Like Chaucer’s The Canterbury Tales, Hyperion by Dan Simmons is about a group on a pilgrimage and stories from each individual’s past. The larger story concerns 7 people who have been chosen to journey to the world of Hyperion where they will meet the Shrike, a god of violence. This part of the story actually makes up very little of the novel. Much of the book is taken up by each pilgrim’s tale. For this I was glad, because as each character’s story came to an end I looked forward to the next. This is what makes the novel so fascinating.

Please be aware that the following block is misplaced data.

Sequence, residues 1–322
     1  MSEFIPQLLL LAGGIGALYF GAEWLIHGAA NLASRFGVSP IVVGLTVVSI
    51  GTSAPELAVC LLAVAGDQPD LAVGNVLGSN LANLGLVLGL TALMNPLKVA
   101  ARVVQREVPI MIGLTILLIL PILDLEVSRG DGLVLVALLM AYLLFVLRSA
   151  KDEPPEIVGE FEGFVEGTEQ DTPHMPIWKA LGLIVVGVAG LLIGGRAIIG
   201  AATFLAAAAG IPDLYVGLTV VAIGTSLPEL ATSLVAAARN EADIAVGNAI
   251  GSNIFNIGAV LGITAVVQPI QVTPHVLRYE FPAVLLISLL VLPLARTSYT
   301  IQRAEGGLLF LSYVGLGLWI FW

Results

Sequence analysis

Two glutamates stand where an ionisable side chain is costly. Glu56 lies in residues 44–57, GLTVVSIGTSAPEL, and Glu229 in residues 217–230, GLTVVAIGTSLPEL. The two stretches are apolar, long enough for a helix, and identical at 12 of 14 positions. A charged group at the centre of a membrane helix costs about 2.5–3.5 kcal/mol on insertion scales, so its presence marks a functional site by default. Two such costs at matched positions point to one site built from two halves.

Each of the stories seem to be centered around time. Time creates or destroys, binds or loosens, and when altered it is to disastrous effect. There are moments in this book of profound sadness, an aching for the characters who suffer the effects of time and those who are in some way nearly immune. Although definitely a Science-Fiction book, Hyperion is character driven. The characters are more fully realized than most Sci-Fi, and that is what makes the story very good. I might not suggest this to those who have no interest in Sci-Fi, but if you have even a passing interest in the genre you should definitely consider it. It is easy to see why Hyperion was a Hugo Award winner.